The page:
The possession of marijuana at a California airport is not the black-and-white issue it once was prior to the relaxation of marijuana laws in some states. At today’s airports, with the TSA’s ever present Transportation Security Officers (TSOs) screening passengers and their belongings for prohibited items (weapons, explosives, and other objects that may pose a risk to aviation security), TSOs sometimes discover marijuana possession or other items that are illegal under federal law.

TSA screening procedures are governed by federal law and designed primarily to detect threats to aviation security. TSA officers do not specifically search for illegal drugs. During security screening, and even in states where marijuana is legal, an officer may discover cannabis in an amount that may violate even state medical marijuana laws. TSOs must then contact a law enforcement officer when marijuana is discovered because possessing marijuana remains a crime under Federal law. Additionally, law enforcement officers may be contacted even if a passenger is carrying a legal amount of marijuana and a state-issued cannabis card because TSOs cannot make an independent determination as to whether a passenger’s documentation is sufficient to authorize possession of marijuana under state law.

Trespass Law in California

California trespass law defines many situations in which the offense of trespass may take place. They range from the ordinary to the highly unusual, and sometimes to the hard to figure. Trespass means different things to different people. It often means walking into an area posted with signs that state, “No Trespassing.” However, it is considered trespassing for an individual to be on a vacant property or building even if is not posted. Your claim that you didn’t know you were trespassing is not a defense.

A person who has a right to come onto the land may become a trespasser by committing wrongful acts after entry. A mail carrier has a privilege to walk up the sidewalk at a private home, he may not enter the residence because trespass laws expressly prevent breaches of the peace by protecting the quiet possession of real property.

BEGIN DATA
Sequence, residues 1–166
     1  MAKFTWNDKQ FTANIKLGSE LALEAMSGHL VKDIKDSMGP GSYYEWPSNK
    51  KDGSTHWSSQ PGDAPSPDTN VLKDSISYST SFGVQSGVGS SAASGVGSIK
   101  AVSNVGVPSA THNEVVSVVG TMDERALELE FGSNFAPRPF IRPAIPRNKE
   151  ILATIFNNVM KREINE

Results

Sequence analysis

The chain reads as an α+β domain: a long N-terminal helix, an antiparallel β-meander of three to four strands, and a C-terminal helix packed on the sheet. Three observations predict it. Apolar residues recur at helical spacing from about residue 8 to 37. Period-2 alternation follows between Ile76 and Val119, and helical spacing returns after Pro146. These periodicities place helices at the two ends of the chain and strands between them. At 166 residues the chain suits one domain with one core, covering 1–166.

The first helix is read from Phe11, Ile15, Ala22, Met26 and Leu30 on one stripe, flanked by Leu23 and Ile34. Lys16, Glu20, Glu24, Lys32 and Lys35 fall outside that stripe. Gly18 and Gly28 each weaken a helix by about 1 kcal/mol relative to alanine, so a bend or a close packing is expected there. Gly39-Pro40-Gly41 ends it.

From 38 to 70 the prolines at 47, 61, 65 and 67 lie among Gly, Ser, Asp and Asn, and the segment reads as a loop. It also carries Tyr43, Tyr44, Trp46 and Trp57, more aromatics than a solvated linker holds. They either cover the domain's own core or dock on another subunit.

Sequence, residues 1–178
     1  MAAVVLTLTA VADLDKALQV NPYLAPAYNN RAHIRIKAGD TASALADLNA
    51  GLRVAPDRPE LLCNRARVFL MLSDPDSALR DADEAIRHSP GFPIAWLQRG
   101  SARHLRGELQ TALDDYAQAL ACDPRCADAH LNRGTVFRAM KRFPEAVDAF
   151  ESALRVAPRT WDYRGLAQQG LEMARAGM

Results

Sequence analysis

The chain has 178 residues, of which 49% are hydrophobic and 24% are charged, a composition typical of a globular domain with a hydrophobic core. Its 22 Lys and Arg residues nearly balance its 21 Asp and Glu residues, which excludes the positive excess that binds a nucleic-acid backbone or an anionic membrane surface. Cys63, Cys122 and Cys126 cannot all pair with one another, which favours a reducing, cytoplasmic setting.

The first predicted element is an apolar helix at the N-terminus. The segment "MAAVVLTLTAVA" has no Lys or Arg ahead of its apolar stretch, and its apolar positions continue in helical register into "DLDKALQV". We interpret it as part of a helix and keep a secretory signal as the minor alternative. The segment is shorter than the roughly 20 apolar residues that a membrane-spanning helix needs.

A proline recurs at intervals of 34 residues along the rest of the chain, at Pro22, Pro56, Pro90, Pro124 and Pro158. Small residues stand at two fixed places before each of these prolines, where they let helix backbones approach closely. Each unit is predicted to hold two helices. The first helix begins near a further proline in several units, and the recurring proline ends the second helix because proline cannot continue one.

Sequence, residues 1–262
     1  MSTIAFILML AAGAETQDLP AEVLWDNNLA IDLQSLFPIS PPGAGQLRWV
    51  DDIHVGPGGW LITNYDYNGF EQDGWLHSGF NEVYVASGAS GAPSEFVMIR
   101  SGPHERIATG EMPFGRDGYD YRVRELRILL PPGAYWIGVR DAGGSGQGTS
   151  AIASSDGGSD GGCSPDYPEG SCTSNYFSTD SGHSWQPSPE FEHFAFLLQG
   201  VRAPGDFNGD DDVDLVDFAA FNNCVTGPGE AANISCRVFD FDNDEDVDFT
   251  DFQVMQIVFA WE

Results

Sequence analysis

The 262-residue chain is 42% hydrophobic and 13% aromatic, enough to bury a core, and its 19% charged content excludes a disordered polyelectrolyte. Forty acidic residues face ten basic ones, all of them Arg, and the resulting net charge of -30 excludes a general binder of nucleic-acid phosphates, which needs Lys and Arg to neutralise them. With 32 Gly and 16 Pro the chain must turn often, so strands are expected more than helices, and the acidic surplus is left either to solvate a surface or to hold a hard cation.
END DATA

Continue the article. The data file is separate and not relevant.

What is an Insanity Defense?

The insanity defense typically refers to a plea made by defendants who believe that they are not guilty because they lacked the mental capacity to realize that they committed a wrong or appreciate why it was wrong. In general, the insanity defense is skeptically viewed but, as has been expressed by knowledgeable criminal defense attorneys, “When you’ve got no better defense, that’s the way to go.”

Under California Penal Code Sections 1016-1027, a plea of not guilty by reason of insanity is permissible. To be considered “legally insane” a person must able to assert the legal defense of insanity if, because of a mental illness, they either cannot understand the nature of their criminal act, or cannot distinguish between right and wrong.

Public Urination in California

Public urination, disgusting as it is, is generally not considered a criminal activity. But if you’re charged with public urination or a crime related to public urination, take it seriously. Often people are arrested for public urination in conjunction with other disruptive public behavior, frequently involving alcohol, and have attracted the attention of the police. You can be arrested for public urination under both state and local laws in California.

Strict legal attitudes towards public urination have a relatively short history in the state. It was not until 2006 that a California court expressly found that public urination could constitute a public nuisance. Currently, state statutes do not expressly prohibit public urination, except in public transportation (California Penal Code section 640). But public urination may be considered disorderly conduct (California Penal Code section 647) or creating a public nuisance (California Penal Code sections 370 and 372). Very rarely, people have been charged with the more serious crime of indecent exposure (California Penal Code section 314), a misdemeanor that requires “lewd” behavior.